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A Vibration Plate for Weight Loss

by
author image Lynette Hingle
Based in Louisiana, Lynette Hingle has been a writer since 2007. She specializes in topics related to health, fitness and travel. Hingle holds a Bachelor of Arts in mass communication and journalism from Southeastern Louisiana University.
A Vibration Plate for Weight Loss
Feet on a scale Photo Credit Teresa Azevedo/iStock/Getty Images

If you've always wanted to lose weight simply by standing on a platform, you might want to try a vibrating plate machine at home or your gym. A vibration machine is an electronic device manufactured to help you burn calories through passive exercise. This may sound too good to be true, but research indicates that vibrating machines may be effective for shedding pounds.

Identification

Vibration plate machines are exercise devices designed to cause the muscles in your body to continuously contract when you stand on them, writes Dr. Kristie Leong, a family practice physician, on HealthMad. The function is to help you build strength and burn calories. Many gyms in the U.S. offer the use of vibrating machines in their exercise facilities, and you can purchase them from fitness retailers for at-home use.

Theory

Vibrating machines activate your body's stretching reflex, which forces your muscles to contract with no effort on your part, according to the American Council on Exercise. ACE likens the effect to a doctor tapping under your kneecap with a small hammer, causing your leg to kick. The result could be increased strength and power.

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Methodology

You can just stand on an operating vibrating machine to use it as exercise, says Leong. But she says you can also perform exercises such as lunges and squats while standing on a vibrating machine in the attempt to enhance the workout. According to ACE, the average vibrating session runs 15 to 30 minutes.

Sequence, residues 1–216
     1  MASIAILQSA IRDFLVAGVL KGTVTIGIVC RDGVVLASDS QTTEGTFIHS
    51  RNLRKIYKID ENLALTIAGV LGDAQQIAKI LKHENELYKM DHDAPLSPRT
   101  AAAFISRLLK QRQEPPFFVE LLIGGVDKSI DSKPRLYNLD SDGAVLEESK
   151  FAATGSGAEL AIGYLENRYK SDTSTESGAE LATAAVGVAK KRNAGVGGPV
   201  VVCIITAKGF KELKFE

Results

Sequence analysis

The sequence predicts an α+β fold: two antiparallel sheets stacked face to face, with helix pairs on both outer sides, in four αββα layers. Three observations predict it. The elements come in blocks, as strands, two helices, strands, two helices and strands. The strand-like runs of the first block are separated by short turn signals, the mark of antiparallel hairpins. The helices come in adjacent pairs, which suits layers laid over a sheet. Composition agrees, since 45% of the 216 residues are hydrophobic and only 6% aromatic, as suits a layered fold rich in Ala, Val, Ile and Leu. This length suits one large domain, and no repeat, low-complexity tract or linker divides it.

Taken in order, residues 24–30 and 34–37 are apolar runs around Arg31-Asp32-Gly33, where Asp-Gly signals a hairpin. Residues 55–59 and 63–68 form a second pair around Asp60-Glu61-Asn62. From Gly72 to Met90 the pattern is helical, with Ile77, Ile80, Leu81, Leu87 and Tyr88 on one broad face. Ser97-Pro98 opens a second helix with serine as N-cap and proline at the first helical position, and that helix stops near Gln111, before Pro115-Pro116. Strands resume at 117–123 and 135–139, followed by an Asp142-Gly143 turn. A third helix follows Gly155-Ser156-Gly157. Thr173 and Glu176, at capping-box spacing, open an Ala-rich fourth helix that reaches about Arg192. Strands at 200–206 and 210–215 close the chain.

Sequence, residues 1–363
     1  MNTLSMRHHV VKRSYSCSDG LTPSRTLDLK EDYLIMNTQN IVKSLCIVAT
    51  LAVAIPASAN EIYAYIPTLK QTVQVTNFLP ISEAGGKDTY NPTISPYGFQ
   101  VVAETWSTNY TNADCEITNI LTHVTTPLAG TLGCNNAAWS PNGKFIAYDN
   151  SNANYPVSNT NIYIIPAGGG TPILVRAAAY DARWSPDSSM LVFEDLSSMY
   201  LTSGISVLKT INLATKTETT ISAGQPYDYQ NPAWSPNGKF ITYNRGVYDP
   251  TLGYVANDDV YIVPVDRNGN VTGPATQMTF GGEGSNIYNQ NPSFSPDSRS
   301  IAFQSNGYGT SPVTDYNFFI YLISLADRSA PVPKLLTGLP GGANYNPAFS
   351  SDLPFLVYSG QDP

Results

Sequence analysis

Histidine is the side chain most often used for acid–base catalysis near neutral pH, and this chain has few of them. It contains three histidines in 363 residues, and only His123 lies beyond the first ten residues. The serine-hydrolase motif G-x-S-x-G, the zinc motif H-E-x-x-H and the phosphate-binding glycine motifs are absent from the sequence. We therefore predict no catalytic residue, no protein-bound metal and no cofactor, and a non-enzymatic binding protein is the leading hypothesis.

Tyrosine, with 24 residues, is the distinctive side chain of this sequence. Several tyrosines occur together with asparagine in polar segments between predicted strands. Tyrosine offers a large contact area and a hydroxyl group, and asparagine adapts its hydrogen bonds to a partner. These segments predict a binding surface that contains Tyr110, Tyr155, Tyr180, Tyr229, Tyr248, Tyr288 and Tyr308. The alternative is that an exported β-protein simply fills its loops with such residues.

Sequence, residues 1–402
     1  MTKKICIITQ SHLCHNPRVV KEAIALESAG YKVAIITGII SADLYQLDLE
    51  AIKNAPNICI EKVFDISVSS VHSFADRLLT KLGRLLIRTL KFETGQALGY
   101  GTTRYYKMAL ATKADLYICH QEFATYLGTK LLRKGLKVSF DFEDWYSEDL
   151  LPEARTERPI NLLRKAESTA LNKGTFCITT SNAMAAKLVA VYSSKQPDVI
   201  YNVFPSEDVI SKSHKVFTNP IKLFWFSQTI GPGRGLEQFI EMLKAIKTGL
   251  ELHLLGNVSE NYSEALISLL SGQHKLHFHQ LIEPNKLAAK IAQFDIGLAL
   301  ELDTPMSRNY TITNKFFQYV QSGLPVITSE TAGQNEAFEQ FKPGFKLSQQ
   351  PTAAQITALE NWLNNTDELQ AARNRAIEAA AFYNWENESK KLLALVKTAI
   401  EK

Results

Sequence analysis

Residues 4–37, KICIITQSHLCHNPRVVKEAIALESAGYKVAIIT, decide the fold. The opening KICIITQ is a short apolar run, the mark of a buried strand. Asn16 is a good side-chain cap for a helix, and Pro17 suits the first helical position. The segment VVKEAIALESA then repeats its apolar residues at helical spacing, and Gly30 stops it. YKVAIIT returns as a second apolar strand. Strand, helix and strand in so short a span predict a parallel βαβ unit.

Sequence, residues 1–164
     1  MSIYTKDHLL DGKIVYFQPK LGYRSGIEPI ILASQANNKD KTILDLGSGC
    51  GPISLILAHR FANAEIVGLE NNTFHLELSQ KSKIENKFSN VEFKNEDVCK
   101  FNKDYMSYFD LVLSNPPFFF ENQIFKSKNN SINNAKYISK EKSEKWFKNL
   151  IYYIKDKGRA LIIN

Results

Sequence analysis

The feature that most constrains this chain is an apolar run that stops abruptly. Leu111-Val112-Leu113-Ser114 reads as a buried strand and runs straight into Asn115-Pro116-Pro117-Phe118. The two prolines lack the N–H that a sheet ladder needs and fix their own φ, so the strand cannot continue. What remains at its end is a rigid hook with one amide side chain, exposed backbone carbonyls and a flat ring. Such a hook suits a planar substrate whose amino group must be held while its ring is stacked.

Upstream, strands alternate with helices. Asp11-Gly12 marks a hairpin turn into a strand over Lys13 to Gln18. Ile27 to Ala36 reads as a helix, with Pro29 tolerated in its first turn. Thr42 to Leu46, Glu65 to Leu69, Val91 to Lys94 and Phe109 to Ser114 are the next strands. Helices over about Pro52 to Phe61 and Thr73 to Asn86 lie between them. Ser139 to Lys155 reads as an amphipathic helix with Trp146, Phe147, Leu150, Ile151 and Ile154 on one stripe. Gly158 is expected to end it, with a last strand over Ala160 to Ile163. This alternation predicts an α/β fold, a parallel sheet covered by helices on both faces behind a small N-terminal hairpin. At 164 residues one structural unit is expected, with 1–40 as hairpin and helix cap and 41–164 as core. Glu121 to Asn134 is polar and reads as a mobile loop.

Expert Insight

Although training on a vibration machine might help improve balance and improve muscle strength in elderly adults, you should not use it as a shortcut to lose weight, says Lashowski. Incorporate strength training, cardiovascular exercise and a healthy diet into your daily routine, Lashowski says. Traditional exercises have proven health benefits, such as reduced risk of cardiovascular disease, that a vibration plate may not provide.

Clinical Data

In a study conducted by the Artesis University College in Antwerp, Belgium, 61 obese or overweight people were divided into four groups that received differing treatments to determine the weight-loss effects of the various treatments. At the end of the study, the group that received weekly vibration plate machine exercise instruction lost an average of 10.5 percent of their body weight, and maintained the loss throughout the duration of the study. A group that received a diet and regular conventional exercise instruction lost and maintained an average of 7 percent; a diet-only group lost and maintained an average of 6 percent, and the control group gained 1.5 percent. Although the research shows encouraging results for vibration plate machines, more research is needed to confirm that the machines are beneficial for weight loss, study leader Dirk Vissers says in a 2009 "Eureka Alert."

Warning

Speak with your doctor about the study findings, as well as the drawbacks of vibration machines before you exercise on one. You may have a medical condition that will worsen during or after exercising on a vibration machine, and your doctor may prescribe you an alternative exercise for your specific condition.

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References

Demand Media